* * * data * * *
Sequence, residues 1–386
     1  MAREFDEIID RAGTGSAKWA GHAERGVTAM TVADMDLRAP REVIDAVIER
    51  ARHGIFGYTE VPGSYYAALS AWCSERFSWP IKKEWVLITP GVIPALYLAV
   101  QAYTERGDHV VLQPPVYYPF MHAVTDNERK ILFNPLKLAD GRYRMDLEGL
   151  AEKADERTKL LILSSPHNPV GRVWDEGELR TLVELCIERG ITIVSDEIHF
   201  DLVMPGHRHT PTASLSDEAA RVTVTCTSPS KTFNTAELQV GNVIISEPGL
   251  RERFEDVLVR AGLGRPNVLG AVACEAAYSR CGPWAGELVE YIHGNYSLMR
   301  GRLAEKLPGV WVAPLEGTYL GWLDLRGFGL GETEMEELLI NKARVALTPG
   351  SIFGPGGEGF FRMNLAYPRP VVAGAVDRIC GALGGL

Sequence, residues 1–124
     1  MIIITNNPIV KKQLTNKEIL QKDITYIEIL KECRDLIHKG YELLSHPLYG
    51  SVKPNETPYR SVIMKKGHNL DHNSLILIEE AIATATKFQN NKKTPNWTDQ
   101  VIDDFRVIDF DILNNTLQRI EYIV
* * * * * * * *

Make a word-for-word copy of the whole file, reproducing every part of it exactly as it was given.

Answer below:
Sequence, residues 1–386
     1  MAREFDEIID RAGTGSAKWA GHAERGVTAM TVADMDLRAP REVIDAVIER
    51  ARHGIFGYTE VPGSYYAALS AWCSERFSWP IKKEWVLITP GVIPALYLAV
   101  QAYTERGDHV VLQPPVYYPF MHAVTDNERK ILFNPLKLAD GRYRMDLEGL
   151  AEKADERTKL LILSSPHNPV GRVWDEGELR TLVELCIERG ITIVSDEIHF
   201  DLVMPGHRHT PTASLSDEAA RVTVTCTSPS KTFNTAELQV GNVIISEPGL
   251  RERFEDVLVR AGLGRPNVLG AVACEAAYSR CGPWAGELVE YIHGNYSLMR
   301  GRLAEKLPGV WVAPLEGTYL GWLDLRGFGL GETEMEELLI NKARVALTPG
   351  SIFGPGGEGF FRMNLAYPRP VVAGAVDRIC GALGGL

Sequence, residues 1–124
     1  MIIITNNPIV KKQLTNKEIL QKDITYIEIL KECRDLIHKG YELLSHPLYG
    51  SVKPNETPYR SVIMKKGHNL DHNSLILIEE AIATATKFQN NKKTPNWTDQ
   101  VIDDFRVIDF DILNNTLQRI EYIV